Sadek, A. , Attia, M. H. , Meshreki, M. , and Shi, B. , 2013, “ Characterization and Optimization of Vibration-Assisted Drilling of Fibre Reinforced Epoxy Laminates,” CIRP Ann. Manuf. Technol., 62(1), pp. 91–94. [CrossRef]
Pecat, O. , and Brinksmeier, E. , 2014, “ Tool Wear Analyses in Low Frequency Vibration Assisted Drilling of CFRP/Ti6Al4V Stack Material,” Procedia CIRP, 14, pp. 142–147. [CrossRef]
Park, K.-H. , Beal, A. , Kim, D.-W. , Kwon, P. , and Lantrip, J. , 2013, “ A Comparative Study of Carbide Tools in Drilling of CFRP and CFRP-Ti Stacks,” ASME J. Manuf. Sci. Eng., 136(1), p. 014501. [CrossRef]
Sui, J. , Sugita, N. , and Mitsuishi, M. , 2015, “ Thermal Modeling of Temperature Rise for Bone Drilling With Experimental Validation,” ASME J. Manuf. Sci. Eng., 137(6), p. 061008. [CrossRef]
Zhu, L. , Jen, T.-C. , Liu, Y.-B. , Zhao, J.-W. , Liu, W.-L. , and Yen, Y.-H. , 2014, “ Cutting Tool Life Analysis in Heat-Pipe Assisted Drilling Operations,” ASME J. Manuf. Sci. Eng., 137(1), p. 011008. [CrossRef]
Toews, H. G. , Compton, W. D. , and Chandrasekar, S. , 1998, “ A Study of the Influence of Superimposed Low-Frequency Modulation on the Drilling Process,” Precis. Eng., 22(1), pp. 1–9. [CrossRef]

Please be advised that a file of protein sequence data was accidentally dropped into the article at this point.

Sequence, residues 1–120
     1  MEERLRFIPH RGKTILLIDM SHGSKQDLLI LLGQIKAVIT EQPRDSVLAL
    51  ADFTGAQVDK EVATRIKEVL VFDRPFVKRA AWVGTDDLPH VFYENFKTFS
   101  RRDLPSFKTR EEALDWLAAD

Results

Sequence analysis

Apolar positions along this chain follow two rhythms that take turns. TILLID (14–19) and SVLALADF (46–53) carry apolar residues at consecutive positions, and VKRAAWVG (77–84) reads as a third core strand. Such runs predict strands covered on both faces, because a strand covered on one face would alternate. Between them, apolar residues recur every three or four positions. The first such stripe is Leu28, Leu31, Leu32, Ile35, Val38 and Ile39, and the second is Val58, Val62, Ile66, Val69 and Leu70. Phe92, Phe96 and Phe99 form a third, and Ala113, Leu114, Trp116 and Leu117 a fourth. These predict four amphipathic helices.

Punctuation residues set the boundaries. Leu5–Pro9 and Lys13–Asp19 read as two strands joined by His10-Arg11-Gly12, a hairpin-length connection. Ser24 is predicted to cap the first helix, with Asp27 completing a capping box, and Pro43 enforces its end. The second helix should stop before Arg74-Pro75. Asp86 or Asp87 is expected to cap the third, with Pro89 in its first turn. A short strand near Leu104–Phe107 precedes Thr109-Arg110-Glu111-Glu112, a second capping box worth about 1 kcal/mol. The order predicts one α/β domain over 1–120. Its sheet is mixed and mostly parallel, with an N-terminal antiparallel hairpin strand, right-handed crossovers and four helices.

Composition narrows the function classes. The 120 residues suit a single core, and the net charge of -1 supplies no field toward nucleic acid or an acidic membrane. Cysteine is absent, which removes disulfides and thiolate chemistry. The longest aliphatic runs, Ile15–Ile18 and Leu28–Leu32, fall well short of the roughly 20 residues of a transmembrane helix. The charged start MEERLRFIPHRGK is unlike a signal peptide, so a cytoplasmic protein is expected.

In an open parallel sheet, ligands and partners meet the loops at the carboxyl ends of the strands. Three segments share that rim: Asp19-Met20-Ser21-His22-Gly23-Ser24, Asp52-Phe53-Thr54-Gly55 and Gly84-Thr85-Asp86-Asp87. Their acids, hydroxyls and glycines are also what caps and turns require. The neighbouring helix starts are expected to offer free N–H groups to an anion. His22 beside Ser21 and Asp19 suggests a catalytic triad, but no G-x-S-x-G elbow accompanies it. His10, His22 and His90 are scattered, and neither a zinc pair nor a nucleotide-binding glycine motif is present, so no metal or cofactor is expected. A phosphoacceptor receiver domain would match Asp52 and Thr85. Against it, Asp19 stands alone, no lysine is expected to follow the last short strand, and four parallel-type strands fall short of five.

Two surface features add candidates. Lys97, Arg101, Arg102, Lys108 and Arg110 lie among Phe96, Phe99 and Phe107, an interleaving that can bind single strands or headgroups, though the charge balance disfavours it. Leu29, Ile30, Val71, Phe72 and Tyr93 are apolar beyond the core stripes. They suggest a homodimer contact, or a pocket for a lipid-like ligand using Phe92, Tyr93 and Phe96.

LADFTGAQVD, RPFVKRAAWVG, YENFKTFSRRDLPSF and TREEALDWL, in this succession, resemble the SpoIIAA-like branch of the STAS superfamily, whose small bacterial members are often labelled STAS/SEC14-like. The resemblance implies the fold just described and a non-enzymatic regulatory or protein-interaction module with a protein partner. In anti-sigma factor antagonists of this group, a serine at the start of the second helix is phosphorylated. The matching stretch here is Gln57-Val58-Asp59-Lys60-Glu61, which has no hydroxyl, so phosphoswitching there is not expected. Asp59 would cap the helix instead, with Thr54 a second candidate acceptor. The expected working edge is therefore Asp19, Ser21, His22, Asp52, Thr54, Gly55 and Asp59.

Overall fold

Chhabra, P. N. , Ackroyd, B. , Compton, W. D. , and Chandrasekar, S. , 2002, “ Low-Frequency Modulation-Assisted Drilling Using Linear Drives,” Proc. Inst. Mech. Eng., Part B, 216(3), pp. 321–330. [CrossRef]
Guibert, N. , Paris, H. , and Rech, J. , 2008, “ A Numerical Simulator to Predict the Dynamical Behavior of the Self-Vibratory Drilling Head,” Int. J. Mach. Tools Manuf., 48(6), pp. 644–655. [CrossRef]
Jallageas, J. , K’nevez, J.-Y. , Chérif, M. , and Cahuc, O. , 2012, “ Modeling and Optimization of Vibration-Assisted Drilling on Positive Feed Drilling Unit,” Int. J. Adv. Manuf. Technol., 67(5), pp. 1205–1216.
Mann, J. B. , Lee, S. , and Guo, Y. , 2015, “ Tool Holder Actuator and Real-Time Force Monitoring for Machining Process Control,” Provisional U.S. Patent Application, June 17.
Mann, J. B. , Guo, Y. , Saldana, C. , Compton, W. D. , and Chandrasekar, S. , 2011, “ Enhancing Material Removal Processes Using Modulation-Assisted Machining,” Tribol. Int., 44(10), pp. 1225–1235. [CrossRef]
Mann, J. B. , Saldana, C. J. , Guo, Y. , Yeung, H. , Compton, W. D. , and Chandrasekar, S. , 2012, “ Effects of Controlled Modulation on Surface Textures in Deep-Hole Drilling,” SAE Int. J. Mater. Manuf., 6(1), pp. 24–32. [CrossRef]
Mann, J. B. , Chandrasekar, S. , and Compton, W. D. , 2009, “ Tool Holder Assembly and Method for Modulation-Assisted Machining,” U.S. Patent No. 7,587,965.
Ladonne, M. , Cherif, M. , Landon, Y. , K’Nevez, J.-Y. , Cahuc, O. , and de Castelbajac, C. , 2015, “ Modelling the Vibration-Assisted Drilling Process: Identification of Influential Phenomena,” Int. J. Adv. Manuf. Technol., 81(9), pp. 1657–1666. [CrossRef]
Liang, S. Y. , Hecker, R. L. , and Landers, R. G. , 2004, “ Machining Process Monitoring and Control: The State-of-the-Art,” ASME J. Manuf. Sci. Eng., 126(2), pp. 297–310. [CrossRef]